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Research Project: Intervention Strategies to Control and Prevent Disease Outbreaks Caused by Avian Influenza and Other Emerging Poultry Pathogens

Location: Exotic & Emerging Avian Viral Diseases Research

Title: Improving pandemic influenza risk assessment

Author
item Russell, Colin - University Of Cambridge
item Kasson, Peter - University Of Virginia
item Donis, Ruben - Centers For Disease Control And Prevention (CDCP) - United States
item Riley, Steven - National Institutes Of Health (NIH)
item Dunbar, John - Los Alamos National Research Laboratory
item Rambaut, Andrew - National Institutes Of Health (NIH)
item Asher, Jason - Us Department Of Health And Human Services (HHS)
item Burke, Stephen - Centers For Disease Control And Prevention (CDCP) - United States
item Davis, C. Todd - Centers For Disease Control And Prevention (CDCP) - United States
item Garten, Rebecca - Centers For Disease Control And Prevention (CDCP) - United States
item Gnanakaran, S - National Institutes Of Health (NIH)
item Hay, Simon - National Institutes Of Health (NIH)
item Herfst, Sander - Erasmus Medical Center
item Lewis, Nicola - University Of Cambridge
item Lloyd-smith, James - National Institutes Of Health (NIH)
item Macken, Catherine - National Institutes Of Health (NIH)
item Maurer-stroh, Sebastian - Nanyang Technological University
item Neuhaus, Elizabeth - Centers For Disease Control And Prevention (CDCP) - United States
item Parrish, Colin - Cornell University - New York
item Pepin, Kim - Us Department Of Agriculture (USDA)
item Shepard, Sam - Centers For Disease Control And Prevention (CDCP) - United States
item Smith, David - National Institutes Of Health (NIH)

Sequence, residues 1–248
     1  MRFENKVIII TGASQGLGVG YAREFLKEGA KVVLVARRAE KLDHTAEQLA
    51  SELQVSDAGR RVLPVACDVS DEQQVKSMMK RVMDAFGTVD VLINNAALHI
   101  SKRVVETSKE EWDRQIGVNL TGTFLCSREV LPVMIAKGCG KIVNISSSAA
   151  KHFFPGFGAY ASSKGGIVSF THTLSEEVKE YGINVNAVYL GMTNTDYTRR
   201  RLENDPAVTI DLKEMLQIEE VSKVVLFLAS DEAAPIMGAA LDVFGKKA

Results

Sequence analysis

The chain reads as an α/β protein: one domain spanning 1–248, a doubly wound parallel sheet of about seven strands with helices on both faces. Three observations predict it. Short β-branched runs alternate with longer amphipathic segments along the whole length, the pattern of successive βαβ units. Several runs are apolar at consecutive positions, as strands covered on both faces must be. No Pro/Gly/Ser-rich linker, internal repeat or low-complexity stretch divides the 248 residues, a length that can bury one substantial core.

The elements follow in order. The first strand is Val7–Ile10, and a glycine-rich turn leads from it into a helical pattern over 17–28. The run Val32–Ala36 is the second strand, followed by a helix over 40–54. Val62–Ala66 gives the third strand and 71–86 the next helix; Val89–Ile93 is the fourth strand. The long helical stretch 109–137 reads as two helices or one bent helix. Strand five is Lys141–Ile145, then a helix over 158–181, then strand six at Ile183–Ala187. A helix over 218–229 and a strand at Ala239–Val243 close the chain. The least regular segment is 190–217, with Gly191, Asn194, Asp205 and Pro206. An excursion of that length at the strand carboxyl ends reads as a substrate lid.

item Suarez, David
item Trock, Susan - Centers For Disease Control And Prevention (CDCP) - United States
item Widdowson, Marc-alain - Centers For Disease Control And Prevention (CDCP) - United States
item George, Dylan - National Institutes Of Health (NIH)
item Lipsitch, Marc - Harvard University
item Bloom, Jesse - Seattle University

Submitted to: eLife
Publication Type: Peer Reviewed Journal
Publication Acceptance Date: 9/1/2014
Publication Date: 10/16/2014
Publication URL: http://handle.nal.usda.gov/10113/59847
Citation: Russell, C.A., Kasson, P.M., Donis, R.O., Riley, S., Dunbar, J., Rambaut, A., Asher, J., Burke, S., Davis, C., Garten, R.J., Gnanakaran, S., Hay, S.I., Herfst, S., Lewis, N.S., Lloyd-Smith, J.O., Macken, C.A., Maurer-Stroh, S., Neuhaus, E., Parrish, C.R., Pepin, K.M., Shepard, S., Smith, D.L., Suarez, D.L., Trock, S.C., Widdowson, M., George, D., Lipsitch, M., Bloom, J.D. 2014. Improving pandemic influenza risk assessment. eLife. doi: 10.7554/eLife.03883.

Interpretive Summary: Influenza viruses can infect a wide range of animals from pigs, horses, dogs, chickens, and wild birds. Although all of these viruses are classified as influenza viruses, many variants exist that may or may not infect and cause disease in humans. The concern is that an animal virus may begin infecting humans resulting in a serious and widespread disease outbreak. This paper describes our current knowledge in how to predict which animal viruses present the greatest threat of introduction and serious disease in humans. As our knowledge increases about influenza, we will be able to increase our predictive ability. In addition detection of what influenza viruses are circulating in animals is also important.

Technical Abstract: Assessing the pandemic risk posed by specific non-human influenza A viruses remains a complex challenge. As influenza virus genome sequencing becomes cheaper, faster and more readily available, the ability to predict pandemic potential from sequence data could transform pandemic influenza risk assessment capabilities. However, the complexities of the relationships between virus genotype and phenotype make such predictions tremendously difficult. Integration of experimental work, computational tool development and analysis of evolutionary pathways, together with refinements to influenza surveillance, has the potential to provide a step-change in the level of insight obtained from current scientific and public health investments.